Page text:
Title

Casual Sex in Adolescence and Young Adulthood: A Mixed Methods Approach

Date of Award

2009

Document Type

Dissertation

Degree Name

Doctor of Philosophy (Ph.D.)

Department

Sociology

First Advisor

Wendy Manning, PhD (Committee Chair)

Second Advisor

Peggy Giordano, PhD (Committee Member)

Third Advisor

Longmore Monica, PhD (Committee Member)

Fourth Advisor

Joyner Kara, PhD (Committee Member)

Fifth Advisor

Oldrieve Richard, PhD (Committee Member)

Abstract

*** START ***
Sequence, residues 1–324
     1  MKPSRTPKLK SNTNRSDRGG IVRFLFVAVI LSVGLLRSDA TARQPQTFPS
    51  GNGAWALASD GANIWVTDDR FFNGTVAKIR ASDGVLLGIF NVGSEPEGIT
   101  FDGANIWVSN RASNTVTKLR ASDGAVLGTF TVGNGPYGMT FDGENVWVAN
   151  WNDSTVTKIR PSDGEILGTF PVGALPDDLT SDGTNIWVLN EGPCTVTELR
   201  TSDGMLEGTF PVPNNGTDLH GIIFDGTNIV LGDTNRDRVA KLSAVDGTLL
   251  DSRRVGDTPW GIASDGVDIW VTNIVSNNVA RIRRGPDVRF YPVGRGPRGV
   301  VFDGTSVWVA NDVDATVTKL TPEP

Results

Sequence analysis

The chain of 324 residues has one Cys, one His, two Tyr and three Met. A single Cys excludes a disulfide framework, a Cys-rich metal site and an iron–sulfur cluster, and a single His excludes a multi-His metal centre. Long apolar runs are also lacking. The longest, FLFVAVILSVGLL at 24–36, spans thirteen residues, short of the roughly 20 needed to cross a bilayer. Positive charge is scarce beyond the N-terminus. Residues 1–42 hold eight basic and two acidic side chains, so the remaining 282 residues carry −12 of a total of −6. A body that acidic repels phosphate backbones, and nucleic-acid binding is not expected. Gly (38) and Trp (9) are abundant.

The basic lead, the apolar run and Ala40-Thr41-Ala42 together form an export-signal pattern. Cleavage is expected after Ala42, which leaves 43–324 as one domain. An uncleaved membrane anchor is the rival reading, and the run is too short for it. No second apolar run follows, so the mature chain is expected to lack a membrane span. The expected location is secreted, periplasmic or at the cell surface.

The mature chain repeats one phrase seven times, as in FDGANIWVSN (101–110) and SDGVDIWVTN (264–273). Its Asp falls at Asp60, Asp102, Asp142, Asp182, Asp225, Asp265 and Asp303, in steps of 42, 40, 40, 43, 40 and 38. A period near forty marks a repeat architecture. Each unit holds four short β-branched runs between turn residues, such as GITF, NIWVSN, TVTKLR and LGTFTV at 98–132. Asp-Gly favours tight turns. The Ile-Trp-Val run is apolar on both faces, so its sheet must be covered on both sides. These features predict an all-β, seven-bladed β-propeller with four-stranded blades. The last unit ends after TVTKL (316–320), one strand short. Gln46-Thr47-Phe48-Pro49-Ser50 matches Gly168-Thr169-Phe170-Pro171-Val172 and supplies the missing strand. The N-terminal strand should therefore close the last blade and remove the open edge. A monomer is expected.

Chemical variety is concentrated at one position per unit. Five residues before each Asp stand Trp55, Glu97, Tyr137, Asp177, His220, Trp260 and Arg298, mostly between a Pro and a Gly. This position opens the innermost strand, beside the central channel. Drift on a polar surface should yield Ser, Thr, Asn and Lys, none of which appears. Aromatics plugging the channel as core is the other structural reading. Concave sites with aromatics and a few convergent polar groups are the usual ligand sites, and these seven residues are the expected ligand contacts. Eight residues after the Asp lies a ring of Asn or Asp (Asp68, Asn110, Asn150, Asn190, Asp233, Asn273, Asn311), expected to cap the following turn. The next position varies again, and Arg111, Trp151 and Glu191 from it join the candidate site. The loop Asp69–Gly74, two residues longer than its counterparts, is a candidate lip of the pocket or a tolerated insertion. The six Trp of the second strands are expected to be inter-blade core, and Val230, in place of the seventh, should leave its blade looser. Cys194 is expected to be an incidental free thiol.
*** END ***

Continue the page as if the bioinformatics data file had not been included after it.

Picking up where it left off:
Extensive research has examined adolescent and young adult sexual experience with growing attention on casual sexual activity. However, prior studies have relied on college-based samples, ignoring the experiences of sixty percent of young adults who are not enrolled in four-year higher education institutions. While casual sex is more risky in terms of sexually transmitted infections and pregnancy, the meanings and motivations for casual sex are not well understood. Even though sexual experiences have different meanings and implications for males and females, little is known about the gendered nature of casual sex in diverse adolescent and young adult populations. Using quantitative and qualitative data from the longitudinal Toledo Adolescent Relationship Study (TARS), the current project relies upon life course, sexual scripts, and feminist theories to guide the research questions that investigate the correlates and trajectories of adolescent and young adult casual sex behavior. First, I assess the gender differences and similarities in young adult casual sex and evaluate variation according to education status. Individuals enrolled in four-year institutions have some of the lowest levels of casual sex. In addition, individuals with post-secondary education experience do not have significant gender differences in terms of casual sex behavior. This suggests that prior work that uses college-based samples underestimates the prevalence and gender differences of casual sex behavior. Second, I use growth curve modeling to develop casual sex trajectories to assess the shifts in respondents' casual sexual activity from adolescence into young adulthood and examine how time-varying covariates influence casual sex trajectories. In doing so, I find that by age 23, three-quarters of young adults have had a casual sex partner and, on average, they have had two casual sex partners. At age 15, males and females are equally likely to have had casual sex; however, males increase their number of casual sex partners at a significantly faster rate than females. Further, alcohol use, peer influence, and liberal sex attitudes are significantly related to casual sex activity for both males and females, and the influence of these covariates increases with age. Third, I analyze the motivations and implications of young adults' casual sex behavior using in-depth interviews and survey data. Respondents report traditional motivators for casual sex such as physical pleasure, enjoyment, and substance use. However, motivations for engaging in casual sex behavior are related to the young adult life course stage and include busy schedules, residential moves, and feeling too young to be tied down to a committed relationship. Additionally, young adults state that there are both negative and positive implications to casual sex behavior. The two negative implications are getting too emotionally attached to the casual sex partner and having to deal with jealous committed partners. Yet most males and females do not regret their casual sex experiences and report that there are some positive implications for casual sex. This dissertation has found that casual sex is a normative part of the young adult life course stage, and casual sex often has complex meanings and motivations associated with the behavior.